Lots of museums and public spaces also join the celebrations with large-scale installations and altars for notable people. In many states across Mexico, some people even have picnics at cemeteries and spend all night beside the graves of their relatives.
Today, many parts of Latin America also celebrate Day of the Dead with slightly different customs and traditions.
What Is The Difference Between Halloween And Día De Los Muertos?
Even though both holidays are considered scary in one way or another, Halloween and Día de los Muertos are quite different from one another.
Rather than being afraid of the dead, Día de los Muertos remembers them and celebrates the afterlife. This is the day where we invite those spirits back into our homes to be part of the family once again as a show of respect.
There are no grim or gory decorations either; the Day of the Dead is known globally for its vibrant artwork and lively, huge gatherings. For the occasion, we trade witches for elaborate sugar skull makeup and masks.
Halloween, on the other hand, is all about darkness, death, ghosts, witches, candy. Costumes can be as frightening, funny, or cute as we want them to be, and we even get to invite our fur babies to the celebration.
Next comes trick-or-treating, where we get to knock on our neighbors’ doors in hopes of not only good candy, but spicy chamoy candy, too. By the end of the day, we can eat all the sweets we want in front of the TV watching a scary movie or funny series. Any leftover candy will be devoured in the next week or so!
How Is Día De Los Muertos Similar To Halloween?
Both Halloween and Día de los Muertos are unique and beautiful in their own way—but alas! We still found some similarities between each other that make learning the many ways we can celebrate the afterlife even more special.
1. Halloween and Día de los Muertos have catholic roots that once signified autumnal harvesting.
2. You will find elaborate decorations and costumes during Halloween and Day of the Dead.
3. No Día de los Muertos or Halloween is complete without big feasts and public gatherings.
4. Día de los Muertos and Halloween are celebrations of life and death.
5. Day of the Dead and Halloween bring family and friends together.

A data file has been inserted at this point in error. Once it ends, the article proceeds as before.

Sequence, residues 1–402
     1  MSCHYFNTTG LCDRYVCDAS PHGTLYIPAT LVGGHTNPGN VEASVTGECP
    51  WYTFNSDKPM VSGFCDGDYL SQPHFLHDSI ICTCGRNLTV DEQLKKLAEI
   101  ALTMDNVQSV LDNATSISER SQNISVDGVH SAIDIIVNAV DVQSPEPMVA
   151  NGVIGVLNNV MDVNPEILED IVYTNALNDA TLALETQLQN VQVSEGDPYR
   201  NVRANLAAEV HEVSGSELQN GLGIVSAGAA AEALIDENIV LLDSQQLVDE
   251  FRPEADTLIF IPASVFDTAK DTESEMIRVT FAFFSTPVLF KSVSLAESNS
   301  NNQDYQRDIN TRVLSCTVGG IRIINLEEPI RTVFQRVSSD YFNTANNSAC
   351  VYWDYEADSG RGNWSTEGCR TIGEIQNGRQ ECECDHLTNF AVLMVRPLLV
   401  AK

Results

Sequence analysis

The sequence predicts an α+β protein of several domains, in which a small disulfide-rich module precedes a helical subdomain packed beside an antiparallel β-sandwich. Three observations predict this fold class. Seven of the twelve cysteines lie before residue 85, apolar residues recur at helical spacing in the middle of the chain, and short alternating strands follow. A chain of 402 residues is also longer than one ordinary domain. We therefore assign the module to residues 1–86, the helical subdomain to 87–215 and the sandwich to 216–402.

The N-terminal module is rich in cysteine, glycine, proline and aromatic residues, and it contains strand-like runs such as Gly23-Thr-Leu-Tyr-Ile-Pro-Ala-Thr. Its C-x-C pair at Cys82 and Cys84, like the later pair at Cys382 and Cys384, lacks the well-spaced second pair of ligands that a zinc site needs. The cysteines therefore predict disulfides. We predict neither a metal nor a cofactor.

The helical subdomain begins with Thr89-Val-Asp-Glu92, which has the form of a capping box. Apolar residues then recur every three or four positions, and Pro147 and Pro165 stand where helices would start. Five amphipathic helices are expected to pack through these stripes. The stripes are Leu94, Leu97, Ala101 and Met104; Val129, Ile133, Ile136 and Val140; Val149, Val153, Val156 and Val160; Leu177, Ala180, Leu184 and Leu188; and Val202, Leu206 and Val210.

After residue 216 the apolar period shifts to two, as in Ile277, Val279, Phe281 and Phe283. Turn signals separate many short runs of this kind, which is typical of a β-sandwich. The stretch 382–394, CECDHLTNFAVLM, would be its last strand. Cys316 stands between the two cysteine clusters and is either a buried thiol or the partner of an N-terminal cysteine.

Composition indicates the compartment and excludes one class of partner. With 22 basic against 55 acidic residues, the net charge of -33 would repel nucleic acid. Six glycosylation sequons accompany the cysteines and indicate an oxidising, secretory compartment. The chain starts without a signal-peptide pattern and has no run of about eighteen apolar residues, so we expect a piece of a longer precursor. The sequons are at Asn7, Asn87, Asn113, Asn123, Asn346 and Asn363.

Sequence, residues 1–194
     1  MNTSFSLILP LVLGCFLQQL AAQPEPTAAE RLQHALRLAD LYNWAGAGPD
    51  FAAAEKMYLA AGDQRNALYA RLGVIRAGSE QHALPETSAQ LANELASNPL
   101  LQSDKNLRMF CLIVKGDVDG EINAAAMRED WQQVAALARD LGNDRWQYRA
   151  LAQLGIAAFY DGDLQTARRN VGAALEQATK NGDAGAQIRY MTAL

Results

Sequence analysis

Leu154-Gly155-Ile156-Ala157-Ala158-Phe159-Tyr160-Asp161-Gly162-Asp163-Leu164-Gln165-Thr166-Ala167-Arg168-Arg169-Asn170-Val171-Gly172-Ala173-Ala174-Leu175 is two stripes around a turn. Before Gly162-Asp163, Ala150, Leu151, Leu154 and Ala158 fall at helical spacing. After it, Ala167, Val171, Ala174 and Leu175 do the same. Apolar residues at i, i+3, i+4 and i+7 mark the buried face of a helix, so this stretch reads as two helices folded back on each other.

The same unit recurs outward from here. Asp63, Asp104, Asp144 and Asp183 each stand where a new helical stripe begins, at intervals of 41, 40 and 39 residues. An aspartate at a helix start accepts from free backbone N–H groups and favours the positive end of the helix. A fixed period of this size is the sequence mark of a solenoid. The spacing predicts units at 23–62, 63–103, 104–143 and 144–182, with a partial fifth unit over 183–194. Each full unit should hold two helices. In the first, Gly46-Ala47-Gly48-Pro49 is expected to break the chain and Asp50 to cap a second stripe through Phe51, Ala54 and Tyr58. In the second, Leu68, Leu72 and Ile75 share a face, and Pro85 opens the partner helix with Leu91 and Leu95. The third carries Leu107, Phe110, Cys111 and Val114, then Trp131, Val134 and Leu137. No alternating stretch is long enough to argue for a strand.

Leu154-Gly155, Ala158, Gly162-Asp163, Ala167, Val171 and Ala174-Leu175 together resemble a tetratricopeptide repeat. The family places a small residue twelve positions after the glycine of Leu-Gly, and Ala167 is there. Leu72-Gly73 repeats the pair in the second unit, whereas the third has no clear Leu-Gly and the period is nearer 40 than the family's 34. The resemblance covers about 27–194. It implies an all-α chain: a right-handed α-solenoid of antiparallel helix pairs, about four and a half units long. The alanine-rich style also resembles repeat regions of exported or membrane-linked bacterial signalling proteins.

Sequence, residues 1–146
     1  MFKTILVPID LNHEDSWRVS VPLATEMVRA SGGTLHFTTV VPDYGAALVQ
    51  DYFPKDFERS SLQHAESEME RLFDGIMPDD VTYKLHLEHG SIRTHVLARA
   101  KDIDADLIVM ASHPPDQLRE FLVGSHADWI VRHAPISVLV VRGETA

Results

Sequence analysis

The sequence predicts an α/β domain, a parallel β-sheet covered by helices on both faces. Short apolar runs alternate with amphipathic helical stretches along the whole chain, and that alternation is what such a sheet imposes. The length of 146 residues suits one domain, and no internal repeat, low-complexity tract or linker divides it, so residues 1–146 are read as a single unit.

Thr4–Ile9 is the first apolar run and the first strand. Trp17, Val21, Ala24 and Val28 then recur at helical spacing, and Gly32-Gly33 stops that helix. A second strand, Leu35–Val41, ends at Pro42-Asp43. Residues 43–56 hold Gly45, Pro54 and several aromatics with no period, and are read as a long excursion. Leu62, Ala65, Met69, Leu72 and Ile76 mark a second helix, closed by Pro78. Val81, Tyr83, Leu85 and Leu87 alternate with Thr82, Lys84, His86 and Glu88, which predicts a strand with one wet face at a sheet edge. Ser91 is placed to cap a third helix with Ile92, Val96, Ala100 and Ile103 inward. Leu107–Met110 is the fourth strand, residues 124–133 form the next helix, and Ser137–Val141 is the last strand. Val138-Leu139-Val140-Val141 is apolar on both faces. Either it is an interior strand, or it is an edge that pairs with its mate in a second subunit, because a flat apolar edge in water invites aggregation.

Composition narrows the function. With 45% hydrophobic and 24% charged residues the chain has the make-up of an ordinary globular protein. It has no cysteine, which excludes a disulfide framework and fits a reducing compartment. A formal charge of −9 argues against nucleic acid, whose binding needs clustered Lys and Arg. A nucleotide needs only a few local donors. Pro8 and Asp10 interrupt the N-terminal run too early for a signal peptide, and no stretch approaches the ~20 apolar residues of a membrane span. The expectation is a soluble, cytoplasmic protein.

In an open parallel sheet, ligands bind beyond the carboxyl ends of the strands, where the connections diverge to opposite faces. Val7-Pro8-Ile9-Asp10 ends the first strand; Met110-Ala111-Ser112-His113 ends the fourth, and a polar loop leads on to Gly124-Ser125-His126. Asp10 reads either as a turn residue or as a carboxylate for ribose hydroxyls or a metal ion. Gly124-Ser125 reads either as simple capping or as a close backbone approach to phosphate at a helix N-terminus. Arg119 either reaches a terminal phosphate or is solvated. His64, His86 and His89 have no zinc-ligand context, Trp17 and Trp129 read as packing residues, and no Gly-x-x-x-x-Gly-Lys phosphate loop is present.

And, as you may have guessed, many communities in the US join in the Day of the Dead celebrations just as much as Mexicans love trick-or-treating and dressing up for Halloween. However you decide to celebrate and honor the dead this year, make sure you do so with love and respect for everyone.
How Do People Around The World Celebrate And Honor The Dead?
While celebrating life and death is deep-rooted in the cultural tapestry of both the US and Mexico with Halloween and Day of the Dead, there are many other communities that celebrate the afterlife and honor the dead.
1. Ghana, West Africa
In Ghana, fantasy coffins symbolize the deceased’s life and profession. Imagination runs wild when it comes to these fantasy coffins, which range from airplane coffins for pilots to truck-shaped coffins for drivers.
Alternatively, families may choose coffins as a tribute to a lost loved one, such as animals embodying the character of the deceased. An owl coffin could symbolize wisdom, or a lion could represent courage.
2. Bali, Indonesia
Death is celebrated in Bali as the soul’s entry into reincarnation. For Balinese people, the body is just a shell or temporary home for the soul.
Ngaben is a cremation ceremony where family and friends gather to pay their respects to their loved one. During Ngaben, families don’t weep or mourn because their loved one is in heaven. During the all-day celebration, a sacred dance is performed early in the morning by the departed one’s village and after a body is cremated, the ashes are sent to sea.
Japan’s Obon is a three-day festival that has been around for 500 years.
Similar to Día de los Muertos, Obon is a time to pay respects to the dead and honor ancestral spirits. It is also believed that ancestors return to reunite with the living. Obon is a time when families visit their ancestors’ graves and offer food and drink sacrifices.
Now tell us…
How will you celebrate the afterlife and honor the dead this 2023? Will you dive into the scary Halloween tradition, will you put those art skills into practice for your Día de los Muertos sugar skull makeup, or both?
Let us know in the comments below!